November 11, 2010

ESPN: Cam Newton, Dad Sought Pay to Play: ESPN is reporting today that quarterback Cam Newton and his father Cecil said in separate phone conversations that his college choice would be part of a pay-for-play plan, according to two sources who recruit for Mississippi State. The conversations were reported to the Southeastern Conference in January. After committing to Auburn despite a prior commitment to Mississippi State, Cam Newton allegedly called a recruiter at the latter school to apologize, telling him "the money was too much" not to switch to Auburn.

posted by rcade to football at 01:56 PM - 14 comments

Sorry, but unless all of these conversations were legally recorded and I can see the transcripts, I am not having much faith in the reports.

posted by irunfromclones at 05:14 PM on November 11, 2010

I mean, really. "I'm not going to believe it until I see transcripts?" I'm more of a realist. Did anyone from Auburn come out and categorically state that "we did not pay for Cam Newton." Nope. Saying he's still eligible is just not the same thing.

Funny how January's "swirling rumor" turns into November's front page news. Talk about the SEC looking stupid. You can't really blame the media; this is the Heisman we are talking about here, and on the heels of the Reggie Bush scandal, no less. A few bad apples, presumably? LOL.

This is a bull in a chinashop type of issue for college athletics and I'm curious to see how far ESPN pursues this. Probably not very far. Frankly, I don't know how you solve it short of giving athletes a cut of the action.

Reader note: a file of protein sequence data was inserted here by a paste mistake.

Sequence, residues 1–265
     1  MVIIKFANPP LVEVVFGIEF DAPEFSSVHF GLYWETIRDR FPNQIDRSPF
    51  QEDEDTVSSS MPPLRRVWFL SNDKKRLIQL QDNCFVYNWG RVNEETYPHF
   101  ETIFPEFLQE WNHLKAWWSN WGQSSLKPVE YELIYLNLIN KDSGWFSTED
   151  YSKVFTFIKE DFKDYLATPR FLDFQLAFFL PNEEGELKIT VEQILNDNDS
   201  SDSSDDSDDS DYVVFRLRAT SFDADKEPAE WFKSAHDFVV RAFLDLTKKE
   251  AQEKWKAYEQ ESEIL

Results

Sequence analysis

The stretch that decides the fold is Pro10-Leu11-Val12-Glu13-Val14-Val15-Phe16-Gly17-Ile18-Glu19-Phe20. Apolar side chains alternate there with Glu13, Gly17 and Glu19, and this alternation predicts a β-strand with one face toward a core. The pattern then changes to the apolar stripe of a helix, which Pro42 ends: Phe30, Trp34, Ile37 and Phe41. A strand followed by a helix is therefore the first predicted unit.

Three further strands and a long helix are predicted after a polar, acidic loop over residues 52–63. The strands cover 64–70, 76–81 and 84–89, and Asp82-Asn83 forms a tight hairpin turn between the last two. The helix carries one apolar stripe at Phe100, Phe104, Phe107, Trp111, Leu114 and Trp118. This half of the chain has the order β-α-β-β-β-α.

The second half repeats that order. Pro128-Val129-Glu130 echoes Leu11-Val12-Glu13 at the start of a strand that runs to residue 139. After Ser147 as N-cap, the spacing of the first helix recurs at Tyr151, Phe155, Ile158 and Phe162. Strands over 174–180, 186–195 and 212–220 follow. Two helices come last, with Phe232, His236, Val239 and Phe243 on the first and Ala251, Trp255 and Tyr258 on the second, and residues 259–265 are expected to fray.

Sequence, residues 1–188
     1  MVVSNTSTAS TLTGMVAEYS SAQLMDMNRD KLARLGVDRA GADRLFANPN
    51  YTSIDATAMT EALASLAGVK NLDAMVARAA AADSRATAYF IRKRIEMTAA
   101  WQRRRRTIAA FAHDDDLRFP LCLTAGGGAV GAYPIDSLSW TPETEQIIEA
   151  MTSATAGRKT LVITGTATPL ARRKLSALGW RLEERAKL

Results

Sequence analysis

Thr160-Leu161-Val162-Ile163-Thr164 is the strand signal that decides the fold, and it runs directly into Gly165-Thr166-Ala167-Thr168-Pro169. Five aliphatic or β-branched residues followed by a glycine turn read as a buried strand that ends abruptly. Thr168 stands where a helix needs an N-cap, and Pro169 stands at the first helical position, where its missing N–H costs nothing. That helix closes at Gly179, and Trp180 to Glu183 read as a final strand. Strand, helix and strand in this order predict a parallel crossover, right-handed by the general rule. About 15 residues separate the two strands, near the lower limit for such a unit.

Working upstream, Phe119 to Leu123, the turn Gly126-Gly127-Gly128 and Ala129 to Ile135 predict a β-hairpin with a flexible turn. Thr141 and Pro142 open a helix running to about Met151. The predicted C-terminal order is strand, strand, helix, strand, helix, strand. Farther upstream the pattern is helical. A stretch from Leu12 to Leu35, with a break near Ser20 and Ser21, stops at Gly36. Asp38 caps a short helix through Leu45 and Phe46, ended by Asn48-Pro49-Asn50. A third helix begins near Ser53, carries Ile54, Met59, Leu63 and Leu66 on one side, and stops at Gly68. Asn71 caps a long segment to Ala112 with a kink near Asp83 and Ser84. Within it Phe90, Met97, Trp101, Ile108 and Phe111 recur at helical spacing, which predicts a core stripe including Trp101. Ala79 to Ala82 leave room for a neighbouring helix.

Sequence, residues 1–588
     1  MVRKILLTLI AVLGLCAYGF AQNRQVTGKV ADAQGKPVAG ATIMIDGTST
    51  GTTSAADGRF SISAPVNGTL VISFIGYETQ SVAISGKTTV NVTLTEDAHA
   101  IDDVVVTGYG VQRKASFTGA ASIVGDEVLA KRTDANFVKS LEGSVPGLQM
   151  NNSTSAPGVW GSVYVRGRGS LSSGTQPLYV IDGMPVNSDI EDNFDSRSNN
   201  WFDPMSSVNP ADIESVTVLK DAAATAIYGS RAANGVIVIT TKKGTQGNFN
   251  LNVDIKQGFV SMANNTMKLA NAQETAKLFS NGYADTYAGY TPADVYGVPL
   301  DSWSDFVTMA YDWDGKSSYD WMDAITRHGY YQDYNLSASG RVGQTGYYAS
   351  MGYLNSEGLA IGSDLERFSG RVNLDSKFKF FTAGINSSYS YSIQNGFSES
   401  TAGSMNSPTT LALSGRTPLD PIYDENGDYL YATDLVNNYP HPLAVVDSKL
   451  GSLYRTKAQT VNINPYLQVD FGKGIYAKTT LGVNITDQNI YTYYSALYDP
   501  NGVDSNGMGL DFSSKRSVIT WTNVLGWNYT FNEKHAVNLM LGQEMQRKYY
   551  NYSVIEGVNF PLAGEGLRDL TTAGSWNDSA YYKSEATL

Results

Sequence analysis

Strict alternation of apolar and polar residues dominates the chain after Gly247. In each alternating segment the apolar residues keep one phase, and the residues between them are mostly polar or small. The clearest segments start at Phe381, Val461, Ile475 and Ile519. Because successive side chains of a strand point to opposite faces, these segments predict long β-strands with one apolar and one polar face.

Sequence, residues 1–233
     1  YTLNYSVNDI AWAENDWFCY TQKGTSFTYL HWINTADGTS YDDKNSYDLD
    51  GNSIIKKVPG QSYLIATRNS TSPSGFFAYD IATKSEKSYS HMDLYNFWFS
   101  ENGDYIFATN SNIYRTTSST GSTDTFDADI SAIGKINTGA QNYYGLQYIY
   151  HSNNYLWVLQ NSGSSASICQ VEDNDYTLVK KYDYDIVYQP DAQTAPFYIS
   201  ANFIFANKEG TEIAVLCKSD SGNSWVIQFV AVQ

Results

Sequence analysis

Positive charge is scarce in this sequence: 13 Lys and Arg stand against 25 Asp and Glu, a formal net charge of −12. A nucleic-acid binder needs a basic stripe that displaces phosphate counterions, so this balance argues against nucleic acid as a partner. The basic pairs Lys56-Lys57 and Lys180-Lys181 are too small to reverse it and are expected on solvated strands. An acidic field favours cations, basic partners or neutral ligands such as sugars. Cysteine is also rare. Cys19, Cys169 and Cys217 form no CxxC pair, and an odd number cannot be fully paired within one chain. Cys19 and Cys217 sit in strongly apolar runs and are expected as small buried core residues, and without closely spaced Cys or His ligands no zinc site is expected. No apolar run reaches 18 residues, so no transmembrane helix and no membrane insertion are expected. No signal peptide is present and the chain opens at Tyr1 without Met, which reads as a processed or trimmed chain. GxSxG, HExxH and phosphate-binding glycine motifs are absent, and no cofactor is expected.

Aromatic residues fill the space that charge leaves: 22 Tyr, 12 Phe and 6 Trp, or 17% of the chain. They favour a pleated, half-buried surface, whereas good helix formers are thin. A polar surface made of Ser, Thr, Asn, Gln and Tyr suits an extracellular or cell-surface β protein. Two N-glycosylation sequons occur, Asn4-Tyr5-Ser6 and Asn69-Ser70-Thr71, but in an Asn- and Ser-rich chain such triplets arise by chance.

posted by phaedon at 10:54 PM on November 11, 2010

I have to wonder about the games he's played in being in question. Nothing has been said about possible forfeiture of them ala FSU's athletic programs. The question being, of course, if the allegations are founded. Anyone know of that possible consequence?

posted by wildbill1 at 06:15 AM on November 12, 2010

It's pretty early to start talking about forfeits. Bush's investigation took five years.

The FBI is reportedly going to talk to former Mississippi State player John Bond, one of the sources for the claim that the Newtons sought money. I am beginning to wonder if Cam Newton will finish this season at Auburn.

posted by rcade at 06:57 AM on November 12, 2010

I'm curious to see how far ESPN pursues this. Probably not very far. I think ESPN is going to pursue this until Cam Newton, or his family, is found guilty of these allegations or is not. They cannot drop this story now. Whatever credibility they have is now solely based on these sources. ESPN is a joke sometimes but this time they cannot drop it. They are drawing the line in the sand and they cannot walk away from it. This is a pivotal story for them and their reputation, for what it is worth, is now on the line. This story will continue and I, personally, believe it will become very ugly for both a family and a university.

posted by gfinsf at 07:30 AM on November 12, 2010